What are the DSM 5 diagnostic criteria for major depressive disorder?
A. Five (or more) of the following symptoms have been present during the same 2-week period and represent a change from previous functioning; at least one of the symptoms is either (1) depressed mood or (2) loss of interest or pleasure.
1. Depressed mood most of the day, nearly every day, as indicated by either subjective report (e.g., feels sad, empty, hopeless) or observation made by others (e.g., appears tearful)
2. Markedly diminished interest or pleasure in all, or almost all, activities most of the day, nearly every day (as indicated by either subjective account or observation)
3. Significant weight loss when not dieting or weight gain (e.g., a change of more than 5% of body weight in a month), or decrease or increase in appetite nearly every day
4. Insomnia or hypersomnia nearly every day
5. Psychomotor agitation or retardation nearly every day (observable by others, not merely subjective feelings of restlessness or being slowed down)
6. Fatigue or loss of energy nearly every day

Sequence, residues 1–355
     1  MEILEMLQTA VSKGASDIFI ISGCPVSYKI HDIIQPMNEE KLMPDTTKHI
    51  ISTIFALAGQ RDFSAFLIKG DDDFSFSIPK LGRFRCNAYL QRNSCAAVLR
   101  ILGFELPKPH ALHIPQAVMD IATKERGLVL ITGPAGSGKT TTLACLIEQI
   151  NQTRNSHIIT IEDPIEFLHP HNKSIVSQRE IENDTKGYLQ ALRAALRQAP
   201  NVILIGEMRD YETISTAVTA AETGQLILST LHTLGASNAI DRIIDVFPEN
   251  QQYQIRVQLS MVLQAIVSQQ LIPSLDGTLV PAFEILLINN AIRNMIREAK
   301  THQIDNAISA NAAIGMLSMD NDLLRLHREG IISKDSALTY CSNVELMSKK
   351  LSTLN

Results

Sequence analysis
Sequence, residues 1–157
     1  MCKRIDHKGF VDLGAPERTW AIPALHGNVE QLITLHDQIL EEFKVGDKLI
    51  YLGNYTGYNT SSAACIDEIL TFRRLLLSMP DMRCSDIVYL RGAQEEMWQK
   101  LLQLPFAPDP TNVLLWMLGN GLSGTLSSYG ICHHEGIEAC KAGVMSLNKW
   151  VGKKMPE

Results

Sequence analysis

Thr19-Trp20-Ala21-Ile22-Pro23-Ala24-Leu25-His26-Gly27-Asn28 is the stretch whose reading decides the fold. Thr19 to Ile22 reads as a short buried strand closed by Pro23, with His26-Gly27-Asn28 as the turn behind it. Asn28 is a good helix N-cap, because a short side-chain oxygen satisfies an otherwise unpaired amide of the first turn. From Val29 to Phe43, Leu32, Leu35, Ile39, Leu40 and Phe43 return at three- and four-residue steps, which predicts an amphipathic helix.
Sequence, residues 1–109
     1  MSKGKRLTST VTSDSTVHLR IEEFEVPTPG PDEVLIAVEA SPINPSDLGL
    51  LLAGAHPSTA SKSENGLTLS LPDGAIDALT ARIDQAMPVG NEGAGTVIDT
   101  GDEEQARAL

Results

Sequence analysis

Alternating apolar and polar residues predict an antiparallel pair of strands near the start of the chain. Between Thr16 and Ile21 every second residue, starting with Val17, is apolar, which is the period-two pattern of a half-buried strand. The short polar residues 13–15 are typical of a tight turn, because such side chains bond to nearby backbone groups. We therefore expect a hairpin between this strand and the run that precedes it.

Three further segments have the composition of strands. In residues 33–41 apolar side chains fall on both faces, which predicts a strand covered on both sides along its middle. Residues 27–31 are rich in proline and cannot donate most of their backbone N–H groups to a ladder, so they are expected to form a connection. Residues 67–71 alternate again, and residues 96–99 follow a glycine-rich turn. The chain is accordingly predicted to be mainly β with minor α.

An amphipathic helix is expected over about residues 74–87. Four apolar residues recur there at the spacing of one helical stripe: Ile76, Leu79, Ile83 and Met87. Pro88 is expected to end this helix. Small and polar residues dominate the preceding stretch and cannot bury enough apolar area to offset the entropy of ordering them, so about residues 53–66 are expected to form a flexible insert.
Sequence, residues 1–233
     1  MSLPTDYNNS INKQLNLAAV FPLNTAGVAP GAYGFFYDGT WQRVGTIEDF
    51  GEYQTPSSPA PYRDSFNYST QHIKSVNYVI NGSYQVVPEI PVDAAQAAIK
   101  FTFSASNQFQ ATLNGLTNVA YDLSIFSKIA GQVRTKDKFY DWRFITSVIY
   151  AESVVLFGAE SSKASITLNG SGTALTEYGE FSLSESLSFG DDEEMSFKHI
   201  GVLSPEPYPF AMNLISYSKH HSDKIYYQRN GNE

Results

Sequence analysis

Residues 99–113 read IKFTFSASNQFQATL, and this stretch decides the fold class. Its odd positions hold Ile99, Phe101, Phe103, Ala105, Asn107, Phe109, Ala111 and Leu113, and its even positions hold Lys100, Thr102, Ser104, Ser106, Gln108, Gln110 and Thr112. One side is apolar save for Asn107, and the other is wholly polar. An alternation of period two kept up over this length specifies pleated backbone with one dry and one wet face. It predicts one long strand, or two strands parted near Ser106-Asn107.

7. Feelings of worthlessness or excessive or inappropriate guilt (which may be delusional) nearly every day (not merely self-reproach or guilt about being sick)
8. Diminished ability to think or concentrate, or indecisiveness, nearly every day (either by subjective account or as observed by others)
9. Recurrent thoughts of death (not just fear of dying), recurrent suicidal ideation without a specific plan, or a suicide attempt or a specific plan for committing suicide
B. The symptoms cause clinically significant distress or impairment in social, occupational, or other important areas of functioning.
C. The episode is not attributable to the physiological effects of a substance or to another medical condition.
D. The occurrence of the major depressive episode is not better explained by schizoaffective disorder, schizophrenia, schizophreniform disorder, delusional disorder, or other specified and unspecified schizophrenia spectrum and other psychotic disorders.
E. There has never been a manic episode or a hypomanic episode.